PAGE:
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EbS-P

Minister of Fire
Jan 19, 2019
4,085
SE North Carolina
1Mwh update…. I passed the 1000kwh usage mark today. 5 months, 200kwh per month.
Average 354 wh/mile. 2900 miles All city driving. The acceleration never gets old. Falcon doors cool factor is waning, and I’ve only closed them on myself once this week. Stupid car shaped key fob where the buttons are the whole fob.

Saving has paid for the wall charger.

V11 installed last week now I can complain like all the other Tesla owners. Still waiting for Full Self Driving…..
 

ABMax24

Minister of Fire
Sep 18, 2019
1,791
Grande Prairie, Alberta, Canada
When a person starts looking at energy consumption in kwh per month for commuting, its not that bad. I'd probably average the same as you, 10,000km per year. Basically I could commute to work using less electricity than the measly 3,000kwh my house uses per year. I easily have enough roof space to install more solar panels to cover my commute, I probably have enough roof area to cover both mine and my wife's commute.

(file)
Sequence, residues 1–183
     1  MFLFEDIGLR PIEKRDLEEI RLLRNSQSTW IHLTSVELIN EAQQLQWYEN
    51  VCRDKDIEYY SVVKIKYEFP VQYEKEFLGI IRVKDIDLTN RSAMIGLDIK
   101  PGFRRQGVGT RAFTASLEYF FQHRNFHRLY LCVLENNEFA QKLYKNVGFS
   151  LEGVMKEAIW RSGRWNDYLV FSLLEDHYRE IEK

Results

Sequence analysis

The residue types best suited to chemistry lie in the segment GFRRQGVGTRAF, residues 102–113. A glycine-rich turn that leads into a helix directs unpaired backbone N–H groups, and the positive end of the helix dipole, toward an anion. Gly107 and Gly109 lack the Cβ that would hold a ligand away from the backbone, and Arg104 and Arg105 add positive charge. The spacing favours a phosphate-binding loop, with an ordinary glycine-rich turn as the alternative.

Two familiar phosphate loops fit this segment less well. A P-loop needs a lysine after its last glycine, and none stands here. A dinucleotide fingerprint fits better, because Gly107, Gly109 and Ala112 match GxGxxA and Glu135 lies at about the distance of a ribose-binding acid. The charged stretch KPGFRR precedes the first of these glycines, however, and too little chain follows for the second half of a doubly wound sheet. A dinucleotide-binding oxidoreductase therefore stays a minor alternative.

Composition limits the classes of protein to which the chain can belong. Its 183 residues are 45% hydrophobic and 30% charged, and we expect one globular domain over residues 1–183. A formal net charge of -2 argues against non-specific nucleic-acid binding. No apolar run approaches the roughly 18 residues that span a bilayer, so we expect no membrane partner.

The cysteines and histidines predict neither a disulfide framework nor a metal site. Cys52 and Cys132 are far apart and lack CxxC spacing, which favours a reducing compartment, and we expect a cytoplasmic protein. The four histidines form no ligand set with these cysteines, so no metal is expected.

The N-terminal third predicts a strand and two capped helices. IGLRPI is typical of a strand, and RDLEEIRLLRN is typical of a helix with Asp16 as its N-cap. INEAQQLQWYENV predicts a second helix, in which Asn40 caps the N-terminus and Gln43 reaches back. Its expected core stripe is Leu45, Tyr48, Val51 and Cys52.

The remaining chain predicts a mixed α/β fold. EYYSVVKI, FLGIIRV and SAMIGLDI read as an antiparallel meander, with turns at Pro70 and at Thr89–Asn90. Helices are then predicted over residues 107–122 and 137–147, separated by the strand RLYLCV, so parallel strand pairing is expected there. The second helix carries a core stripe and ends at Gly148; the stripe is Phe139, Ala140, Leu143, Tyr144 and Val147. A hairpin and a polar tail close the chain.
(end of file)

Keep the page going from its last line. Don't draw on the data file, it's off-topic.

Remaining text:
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Isaac Carlson

Minister of Fire
Nov 19, 2012
1,033
NW Wisconsin
Kilowatt hours on your end might look good, but when you count the energy to mine, transport, process/refine, manufacture, and sell the panels/chargers/batteries/cars, and then creating the energy to run the cars and the problem of what to do with old panels, where does it put you? Also, repairing a tesla is not always an option or allowed. I would wager a fair amount that the energy involved in the above chain is more than the gasoline I burn in my 20 and 30 year old vehicles. I'n not hating on tesla owners, just pointing out that what appears and is marketed as green is not so green. I am perfectly happy driving an older vehicle that is paid for many times over and that I can maintain and repair myself. Tesla still can't hold a candle to gas powered freight haulers of any kind, be it semi trucks, pickup trucks, or vehicles pulling trailers. The energy density just is not there. I can load my truck to 10-12k lbs and drive all day. A tesla will be dead in less than an hour, and the battery will be cooked.